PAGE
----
On 8/19, the donor started her medication to stimulate egg production.  On 8/23, I had an appointment for blood work and ultrasound to check the lining of my uterus.

On 8/29 - begin progesterone in oil shots daily.  This is also an IM shot and is by far the worst of the medicines.  The oil is thick and it has to go in slowly.  It makes a knot and if you are extra lucky like me, after awhile, it make you itch.  It is also not covered by insurance (but some progesterone is) and cost $114 for three vials.  If the IVF works, I'll be getting these shots until I am 8 weeks pregnant, so I will need a refill of this script.  Then they will be replaced with a progesterone suppository for 2 or 3 more weeks.

8/30 - Egg retrieval day!  This is also the day that Jim has to drop off his sample for wash and fertilization.

Part VI:  Egg Retrieval, Fertilization and Transfer

Saturday, March 9, 2013

Nugget's Story - Picking Our Donor

We were finally ready to go on what my sister called the most important shopping trip of our lives.  I mean, really, how do you go about selecting the person that will provide half of the genetic material for your child.  What if our IVF didn't work; would I always blame myself for picking the wrong donor?

Once we had completed all of the pre-IVF testing and screening, we were finally given our password to access the donor database.  The database is a very dynamic thing - new donors are being added all the time as they finish their screening and donors are taken out as they are selected.  You don't get to see the entire list, only donors who are eligible for the program you selected.  The database coordinator said that the list was a little on the low side when we first got access, but not to worry, that they had a bunch of donors who were almost ready to be entered.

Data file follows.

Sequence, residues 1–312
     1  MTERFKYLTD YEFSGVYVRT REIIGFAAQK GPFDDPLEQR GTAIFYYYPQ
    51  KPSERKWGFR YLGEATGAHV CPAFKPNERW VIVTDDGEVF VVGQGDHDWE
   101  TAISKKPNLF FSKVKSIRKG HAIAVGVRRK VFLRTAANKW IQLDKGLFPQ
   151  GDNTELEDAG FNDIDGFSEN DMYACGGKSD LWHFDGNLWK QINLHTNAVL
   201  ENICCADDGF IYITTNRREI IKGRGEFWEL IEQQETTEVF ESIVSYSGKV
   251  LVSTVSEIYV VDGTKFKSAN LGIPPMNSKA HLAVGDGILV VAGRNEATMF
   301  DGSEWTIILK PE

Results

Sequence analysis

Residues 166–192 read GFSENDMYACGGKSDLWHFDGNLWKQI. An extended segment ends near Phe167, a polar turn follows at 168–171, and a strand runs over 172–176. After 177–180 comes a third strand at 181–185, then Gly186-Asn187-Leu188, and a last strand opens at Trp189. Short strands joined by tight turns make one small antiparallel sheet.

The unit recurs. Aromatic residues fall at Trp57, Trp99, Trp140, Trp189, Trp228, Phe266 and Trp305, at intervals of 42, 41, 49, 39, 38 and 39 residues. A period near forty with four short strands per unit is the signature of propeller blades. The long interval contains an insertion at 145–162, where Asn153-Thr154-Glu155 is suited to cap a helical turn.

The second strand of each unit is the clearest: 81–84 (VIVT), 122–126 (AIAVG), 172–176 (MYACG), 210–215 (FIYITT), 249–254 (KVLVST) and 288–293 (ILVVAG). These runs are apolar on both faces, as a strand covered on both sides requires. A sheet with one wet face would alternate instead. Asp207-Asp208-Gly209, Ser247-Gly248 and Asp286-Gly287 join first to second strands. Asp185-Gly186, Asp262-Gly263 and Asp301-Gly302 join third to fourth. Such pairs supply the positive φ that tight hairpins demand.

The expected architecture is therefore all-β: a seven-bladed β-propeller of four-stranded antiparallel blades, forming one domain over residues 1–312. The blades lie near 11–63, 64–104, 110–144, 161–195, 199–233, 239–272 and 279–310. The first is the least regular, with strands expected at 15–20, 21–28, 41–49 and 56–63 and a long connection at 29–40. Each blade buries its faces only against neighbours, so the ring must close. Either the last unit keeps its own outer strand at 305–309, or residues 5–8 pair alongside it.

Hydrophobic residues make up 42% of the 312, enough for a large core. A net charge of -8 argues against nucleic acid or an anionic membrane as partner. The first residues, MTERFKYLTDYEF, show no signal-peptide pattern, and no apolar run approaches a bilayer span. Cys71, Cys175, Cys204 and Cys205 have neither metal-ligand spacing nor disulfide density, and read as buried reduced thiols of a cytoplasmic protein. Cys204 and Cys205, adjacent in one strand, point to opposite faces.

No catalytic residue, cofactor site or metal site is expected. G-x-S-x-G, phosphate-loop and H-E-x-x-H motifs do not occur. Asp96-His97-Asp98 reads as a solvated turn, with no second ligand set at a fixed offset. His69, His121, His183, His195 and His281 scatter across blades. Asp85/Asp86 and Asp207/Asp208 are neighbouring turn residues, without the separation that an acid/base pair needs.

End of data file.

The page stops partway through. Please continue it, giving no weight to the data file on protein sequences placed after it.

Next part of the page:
In the actual database you can sort and select by an almost infinite number of criteria.  I wanted someone who looked most like me, but because their were so few to choose from, I started by just selecting Caucasians.  From that list, there were a couple who might have worked.  I wanted someone with brown hair, green eyes and my same blood type.  If you want to see more about a donor, you click for the full profile, which includes physical characteristic, personal characteristic about religion, education, work history, need for glasses or braces, athletic ability, past pregnancies, drinking/smoking/drug use and more, brief physical descriptions of the donor's parents, grandparents and siblings, an extensive medical history for the donor's relatives, a personal narrative, and finally, childhood pictures of the donor.  All together, the donor profile is 10 pages long.

We actually missed out on the first donor that I selected.  I was browsing the database and found someone that I thought would be a good choice, so I sent the profile to Jim for his input.  By the time he got back to me, just an hour or so later, she was already out of the database.  Back to the drawing board.  It took another couple of days before another good candidate was added to the database and this time we jumped and were the first couple to select this donor.

Our donor is 5' 3", 27, a college graduate and back in school for nursing, she likes jazz and dance and played softball and oboe, she wants to use her nursing degree to volunteer with the Peace Corp or Doctors without Borders.

We locked in our donor on June 4, 2012 and now had 48 hours to pay our deposit of $7,000 to hold our selection.  It also began our next waiting period, because we were the first couple, but we needed two more to start the process.  It took about a week before a second couple chose the same donor.  This started a 30 day countdown for a third couple.  If after thirty days, there was no third couple, the IVF cycle would go forward with just the two couples and Shady Grove would take the third spot.

Part V - Shots, Shots and More Shots